New Basin To Reduce Sewage Flowing Into Beargrass Creek

May 24, 2019
Ryan Van Velzer/WFPL

  The Metropolitan Sewer District has completed a new sewer overflow basin to capture sewage and stormwater that would otherwise pollute city waterways.

Roughly 110 million gallons of raw sewage and stormwater used to flow into Beargrass Creek every year, damaging the city’s natural resources, said MSD Engineering Director John Loechle.

Wikimedia Commons

This all started 5 years ago - when Dayton Power and Light along with a handful of energy companies challenged the state of Ohio. They said the state permits couldn’t use a standard set by the Ohio River Valley Sanitation Commission, known as ORSANCO, that limits the temperature of the companies’ waste discharges into the Ohio River. That’s because the state had never officially adopted the ORSANCO standards in Ohio law. And the companies won.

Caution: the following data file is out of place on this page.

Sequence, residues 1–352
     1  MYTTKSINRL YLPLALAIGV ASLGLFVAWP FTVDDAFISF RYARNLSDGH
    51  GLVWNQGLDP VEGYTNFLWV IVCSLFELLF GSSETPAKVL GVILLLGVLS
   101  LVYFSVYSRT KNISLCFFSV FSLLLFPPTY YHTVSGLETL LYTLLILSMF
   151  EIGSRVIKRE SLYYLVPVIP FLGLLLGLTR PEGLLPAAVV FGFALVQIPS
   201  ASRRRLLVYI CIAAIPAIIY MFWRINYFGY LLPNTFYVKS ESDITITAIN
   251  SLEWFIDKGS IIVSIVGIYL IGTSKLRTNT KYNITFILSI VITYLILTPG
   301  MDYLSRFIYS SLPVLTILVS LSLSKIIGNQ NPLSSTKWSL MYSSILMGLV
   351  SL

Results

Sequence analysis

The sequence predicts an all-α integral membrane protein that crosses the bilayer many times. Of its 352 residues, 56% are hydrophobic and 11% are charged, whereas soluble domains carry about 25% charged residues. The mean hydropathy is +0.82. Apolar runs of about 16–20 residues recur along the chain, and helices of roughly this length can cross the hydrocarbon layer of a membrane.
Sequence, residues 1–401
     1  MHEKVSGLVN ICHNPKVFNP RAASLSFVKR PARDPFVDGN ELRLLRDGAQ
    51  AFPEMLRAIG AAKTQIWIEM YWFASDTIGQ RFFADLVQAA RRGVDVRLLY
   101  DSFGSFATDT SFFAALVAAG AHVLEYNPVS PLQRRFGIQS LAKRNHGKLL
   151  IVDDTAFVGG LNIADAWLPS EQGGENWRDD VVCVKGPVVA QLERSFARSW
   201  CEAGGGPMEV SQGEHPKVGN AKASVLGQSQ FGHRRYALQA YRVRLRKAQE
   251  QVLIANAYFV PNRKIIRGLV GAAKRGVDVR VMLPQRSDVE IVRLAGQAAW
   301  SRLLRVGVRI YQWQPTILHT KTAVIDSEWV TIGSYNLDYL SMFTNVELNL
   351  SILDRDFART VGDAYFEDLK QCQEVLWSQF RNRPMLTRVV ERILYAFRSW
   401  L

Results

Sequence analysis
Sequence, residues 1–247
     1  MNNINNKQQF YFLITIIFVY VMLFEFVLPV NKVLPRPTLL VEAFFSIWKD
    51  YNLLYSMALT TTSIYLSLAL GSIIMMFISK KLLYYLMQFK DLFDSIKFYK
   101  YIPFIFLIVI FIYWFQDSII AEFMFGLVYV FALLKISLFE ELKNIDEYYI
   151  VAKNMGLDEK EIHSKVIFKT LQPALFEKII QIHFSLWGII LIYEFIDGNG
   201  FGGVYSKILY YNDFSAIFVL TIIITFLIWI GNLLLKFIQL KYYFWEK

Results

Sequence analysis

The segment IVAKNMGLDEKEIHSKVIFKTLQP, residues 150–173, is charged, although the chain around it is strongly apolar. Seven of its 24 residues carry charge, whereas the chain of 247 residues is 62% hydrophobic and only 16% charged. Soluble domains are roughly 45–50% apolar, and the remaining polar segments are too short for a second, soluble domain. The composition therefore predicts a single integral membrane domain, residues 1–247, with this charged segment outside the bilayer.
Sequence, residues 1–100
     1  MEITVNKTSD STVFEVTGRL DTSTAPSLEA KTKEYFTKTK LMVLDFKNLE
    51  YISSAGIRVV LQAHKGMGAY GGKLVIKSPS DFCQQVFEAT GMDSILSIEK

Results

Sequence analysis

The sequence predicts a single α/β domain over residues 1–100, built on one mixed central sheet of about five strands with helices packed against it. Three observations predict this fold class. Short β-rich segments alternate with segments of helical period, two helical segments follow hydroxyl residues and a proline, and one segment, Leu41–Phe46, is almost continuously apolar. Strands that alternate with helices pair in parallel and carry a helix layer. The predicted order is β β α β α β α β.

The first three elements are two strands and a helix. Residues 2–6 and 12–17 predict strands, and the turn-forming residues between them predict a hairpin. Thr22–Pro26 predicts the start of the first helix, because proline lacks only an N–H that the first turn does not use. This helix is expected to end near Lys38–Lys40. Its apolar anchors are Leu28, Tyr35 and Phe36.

“It was a shock.” 

Census Data Show Some KY Counties Among Nation’s Poorest

Dec 14, 2018
Alexandria Kanik/Ohio Valley ReSource

New data from the Census Bureau show eastern Kentucky is still struggling with poverty and lagging far behind national and state averages in terms of income.

Sydney Boles/Ohio Valley ReSource

Jason Walker spends $50 per month on bottled water. He spends three hours each week standing by the small stream that runs near his house, pumping creek water into a thousand-gallon tank.

“You have to catch the creek at the right time when it’s clear,” Walker said. “Whatever you pump, whatever the creek looks like, is what you’re going to pump, and that’s going to pump right into your house.”